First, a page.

Kukla's Korner Hockey
from Damien Cox of the Toronto Star,
They call it playing on the edge.
But it’s getting awfully close to slitting their own throats.
The Ducks have now received three suspensions in these playoffs – two to Pronger and one to winger Brad May. They’ve had to defend against 5-on-3 situations on 13 occasions, including three in this series, and have had only one such advantage themselves. They’ve been short-handed 18 times in the Cup final while enjoying 11 power plays.
If the Ducks don’t win the Stanley Cup it won’t be because they weren’t good enough.
It will be because they threw it all away to prove they’re the meanest SOBs on the block.
from Scott Burnside of ESPN,
No one in the Anaheim Ducks dressing room will utter a disparaging word against Pronger. The man, on many nights, is a machine. He is averaging more than 30 minutes of ice time a game in these playoffs. He is second among NHL defensemen with 14 playoff points.
And yet for the second time in recent days, he has put his team in the unenviable position of having to play without him because he seems to have switched off that common-sense detector most humans rely on to prevent them from crossing “the line.”
On some level in that dressing room, players must be asking where Pronger’s selflessness is. Having been suspended once, Pronger surely had to know any other transgression was going to be viewed with disapproval by the league regardless whether it was as serious as the Holmstrom hit.
Q. How much different does it make your decision or more difficult to suspend a key player in a Stanley Cup Final game even as opposed to the Pronger suspension last round?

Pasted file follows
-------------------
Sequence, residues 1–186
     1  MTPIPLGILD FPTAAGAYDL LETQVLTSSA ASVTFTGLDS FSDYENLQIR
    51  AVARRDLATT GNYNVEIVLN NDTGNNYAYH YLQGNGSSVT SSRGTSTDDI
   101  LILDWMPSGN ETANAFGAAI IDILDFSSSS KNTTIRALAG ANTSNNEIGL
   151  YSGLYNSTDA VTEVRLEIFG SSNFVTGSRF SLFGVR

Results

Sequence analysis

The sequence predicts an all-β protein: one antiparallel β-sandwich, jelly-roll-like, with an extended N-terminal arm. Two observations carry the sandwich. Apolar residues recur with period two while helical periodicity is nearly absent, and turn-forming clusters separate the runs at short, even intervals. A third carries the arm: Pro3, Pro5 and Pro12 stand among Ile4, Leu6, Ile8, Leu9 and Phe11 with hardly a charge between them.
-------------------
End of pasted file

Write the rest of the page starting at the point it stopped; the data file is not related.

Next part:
COLIN CAMPBELL: Well, both rounds are difficult; you’re getting it close, but obviously the final round is a very difficult round to take any player out of, and there’s no prescribed or defined degree of change as far as the act to suspend players in the final round.
I suspended two players in the past. (Ville) Nieminen in the Calgary-Tampa Bay series for hitting (Vincent) Lecavalier and (Jiri) Fischer in the Detroit-Carolina series for a cross-check, each for one game.
It’s always difficult for everyone involved in hockey. We all know how precious it is to chase the Stanley Cup and to be at this point. And it’s a tough decision to make. We don’t take these things lightly at any time; we don’t take them lightly, but particularly now.
So it was hard. But on the other hand, a player did get knocked out. And that player may not be playing tomorrow night, too. We’re not sure.
“It was just a reaction play. I just stepped up to make a hit,” Pronger told reporters. “You’ve got to suffer the consequences of what came down. ... Hopefully, Dean’s OK. There’s no ill-will or malicious intent.”
While Ducks general manager Brian Burke said he would accept the Pronger suspension, he was livid over a Chris Neil hit to Ducks forward Andy McDonald. Burke said there should have been a second hearing on Sunday.
“We’re not a dirty team, we’re a physical team,” Burke said. “There’s a big difference.”
“We think it was totally unintentional. The league thought different,” Carlyle said. “Chris Pronger is a competitive player. Some people will say he’s using his size as an excuse.
“The fact of the matter is his elbows are higher than most people’s elbows. It’s not like he raised his elbow to deliver a blow to the head.”
added 3:35pm, Transcript of inteview with Pronger, Carlyle and Burke…
The NHL has come down on the Ducks’ Chris Pronger for the second time in the 2007 Stanley Cup playoffs.
The league has suspended Pronger for one game for a shot to the head Ottawa Senators’ Dean McAmmond during Game 3 on Saturday.
Pronger had a hearing with the NHL’s director of hockey operations Colin Campbell on Sunday.